(1967) The Police: Six Sociological Essays

The two sociological essays reprinted here, "The Social Organism" and "Specialized Administration" represent another, and not entirely compatible, side of Spencer's thought. The relationship between Spencer's political thought and both his general evolutionism and his evolutionary sociology are too intricate and confused to be untangled here—or perhaps anywhere. But a few points can be made with special regard to these two essays. The foremost is that the main purpose of the social organism metaphor is to emphasize the non-mechanical, non-intentional, yet mutually co-ordinated, character of the processes which give rise to and sustain any given society and its institutions and the pervasiveness, in any complex society, of social orders and structures which are, in Hayek's recent language, the result of human action but not of human design. The metaphor also serves to highlight further parallels between, e.g., the physiological and the economic divisions of labor. It was no part of Spencer's intention to advocate any form of moral or methodological organicism. Thus he asserts that in contrast to biological organisms, "The corporate life [of society] must be subservient to the lives of the parts instead of the lives of the parts being subservient to the corporate life." Yet here too intention and result part company. For, within "The Social Organism," we find Spencer proclaiming that "our Houses of Parliament discharge, in the social economy, functions which are in sundry respects comparable to those discharged by the cerebral masses in a vertebrate animal." Such assertions clearly paved the way for T. H. Huxley to claim in "Administrative Nihilism" that an implication of the organism metaphor was that the economy can and occasionally should be the subject of Parliament's intentional control and manipulation just as a biological organism's body can and usually should be controlled and manipulated by that individual's central nervous system.

sociological imagination essaysThe

Silver, Andrew, "The Demand for Order in Civil Society: A Review of Some Important Themes in the History of Urban Crime, Police and Riot," in The Police: Six Sociological Essays. edited by David Bordua, New York New York: Wiley, 1967.

Historical and sociological essays on schooling in Finland

The Finnish Education Mystery: Historical and sociological essays on schooling in Finland In a world where discussions of recent trends in religion andculture often mention individualism and not-in-my-back-yardexclusionary impulses, it is refreshing to find an entire volume ofsociological essays dedicated to exploring a rather differentphenomenon. seeks to explore an apparentrise in social movements oriented toward inclusion and solidarity,from European antiracist groups, to volunteer charityorganizations, to long-distance solidarity with Third Worldrefugees. In contrast to the self-interested rationality that isassumed in much collective action theory — for example, indiscussions of the "free-rider" problem — these movements seembased in a moral vision that stretches beyond immediate personalgrievances, where activists appear motivated by altruistic concernfor others less fortunate than themselves, locally orinternationally.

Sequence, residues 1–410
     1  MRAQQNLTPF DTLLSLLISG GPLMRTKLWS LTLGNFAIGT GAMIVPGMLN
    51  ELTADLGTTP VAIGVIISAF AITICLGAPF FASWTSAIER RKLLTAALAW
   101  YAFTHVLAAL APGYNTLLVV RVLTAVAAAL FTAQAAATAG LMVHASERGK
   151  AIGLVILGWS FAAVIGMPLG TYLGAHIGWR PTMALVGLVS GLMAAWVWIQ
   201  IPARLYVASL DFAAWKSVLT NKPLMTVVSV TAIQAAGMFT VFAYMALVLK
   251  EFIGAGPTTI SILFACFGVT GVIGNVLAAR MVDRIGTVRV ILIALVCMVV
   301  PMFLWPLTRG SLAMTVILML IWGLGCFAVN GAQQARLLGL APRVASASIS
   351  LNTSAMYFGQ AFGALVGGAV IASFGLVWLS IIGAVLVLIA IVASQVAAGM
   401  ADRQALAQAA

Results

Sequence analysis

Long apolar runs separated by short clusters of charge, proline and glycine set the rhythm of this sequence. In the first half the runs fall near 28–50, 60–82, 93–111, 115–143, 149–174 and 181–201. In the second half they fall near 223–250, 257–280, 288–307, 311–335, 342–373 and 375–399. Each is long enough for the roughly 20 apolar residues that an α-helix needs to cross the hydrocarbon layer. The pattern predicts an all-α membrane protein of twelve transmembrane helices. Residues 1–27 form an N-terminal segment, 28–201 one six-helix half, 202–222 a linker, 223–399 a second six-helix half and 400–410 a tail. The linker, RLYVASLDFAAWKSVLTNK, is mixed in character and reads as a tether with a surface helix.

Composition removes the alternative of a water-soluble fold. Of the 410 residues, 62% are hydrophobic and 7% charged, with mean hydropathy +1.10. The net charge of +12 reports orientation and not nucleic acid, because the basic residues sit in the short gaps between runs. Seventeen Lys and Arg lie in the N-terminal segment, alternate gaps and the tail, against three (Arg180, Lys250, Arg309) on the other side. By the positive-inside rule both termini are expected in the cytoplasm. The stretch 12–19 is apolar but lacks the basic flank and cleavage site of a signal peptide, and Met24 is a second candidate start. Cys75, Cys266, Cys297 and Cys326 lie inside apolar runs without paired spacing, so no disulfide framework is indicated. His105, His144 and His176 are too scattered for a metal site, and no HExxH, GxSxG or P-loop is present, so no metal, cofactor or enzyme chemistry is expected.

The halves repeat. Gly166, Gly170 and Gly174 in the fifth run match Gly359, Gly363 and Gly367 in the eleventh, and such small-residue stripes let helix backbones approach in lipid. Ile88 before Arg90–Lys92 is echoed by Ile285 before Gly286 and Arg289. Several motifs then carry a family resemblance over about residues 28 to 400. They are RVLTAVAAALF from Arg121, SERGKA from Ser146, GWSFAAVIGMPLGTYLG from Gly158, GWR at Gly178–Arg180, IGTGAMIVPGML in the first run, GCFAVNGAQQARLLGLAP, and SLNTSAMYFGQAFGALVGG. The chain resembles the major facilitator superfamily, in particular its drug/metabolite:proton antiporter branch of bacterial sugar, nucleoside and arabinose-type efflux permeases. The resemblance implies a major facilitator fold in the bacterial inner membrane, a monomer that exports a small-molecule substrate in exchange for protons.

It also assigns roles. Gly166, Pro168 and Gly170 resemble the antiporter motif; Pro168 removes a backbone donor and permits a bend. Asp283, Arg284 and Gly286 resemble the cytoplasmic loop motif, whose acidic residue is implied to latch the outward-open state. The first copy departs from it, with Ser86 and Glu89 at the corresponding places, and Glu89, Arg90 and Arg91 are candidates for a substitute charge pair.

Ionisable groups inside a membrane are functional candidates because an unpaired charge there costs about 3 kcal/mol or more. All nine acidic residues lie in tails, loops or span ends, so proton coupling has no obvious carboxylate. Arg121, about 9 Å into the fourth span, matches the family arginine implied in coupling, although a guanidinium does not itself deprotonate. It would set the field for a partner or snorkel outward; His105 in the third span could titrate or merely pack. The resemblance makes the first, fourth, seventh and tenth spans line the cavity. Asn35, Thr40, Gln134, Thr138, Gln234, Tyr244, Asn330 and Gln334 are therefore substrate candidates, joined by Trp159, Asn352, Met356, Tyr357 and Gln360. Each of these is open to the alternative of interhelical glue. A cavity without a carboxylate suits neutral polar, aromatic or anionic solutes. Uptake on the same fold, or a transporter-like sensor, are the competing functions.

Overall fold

those sociological essays of mine are not wholly discursive

The decade following the publication and moderate success of was devoted to the composition of a number of crucial papers developing Spencer's Lamarckian-oriented evolutionary perspective and also of a series of important political and sociological essays. Though Spencer's health and finances continued to be in precarious condition, during this period he entered into friendships with many of England's most notable intellectual figures, including George Eliot, Thomas Huxley, George Lewes and John Stuart Mill. Spencer's status as a political heretic during this and succeeding decades should not obscure his broader role as a valued member of the scientific secularist intellectual community. In 1858 Spencer formulated the ambitious outline for his Synthetic Philosophy, on which he was to work, in the face of competing projects and recurring ill-health, for the next thirty-eight years. This scheme included his plus multi-volume works in the Principles of Biology, Psychology, Sociology and Ethics. To fund this project Spencer at first sought the income of some undemanding governmental post in the India administration, as a prison governor, as a postal official or even as a member of the consular service. No suitable posts were available; and, instead, Spencer developed a subscription arrangement to finance his great project. Crucial to this arrangement, as it developed, were the American subscriptions gathered by Spencer's greatest promoter, Edward L. Youmans. When in the mid-sixties this financial construction collapsed due to subscriber's non-payments and Spencer's delays in issuing sections of the Synthetic Philosophy, Mill offered to cover Spencer's immediate losses and to organize a subvention for Spencer's continued work. Spencer refused this charitable aid. However, when Youmans organized a fund among American admirers which would either be paid to Spencer or revert to his American publishers, Spencer "who detested publishers more than he disliked charity, could not refuse."

Tradition and Revolt: Historical and Sociological Essays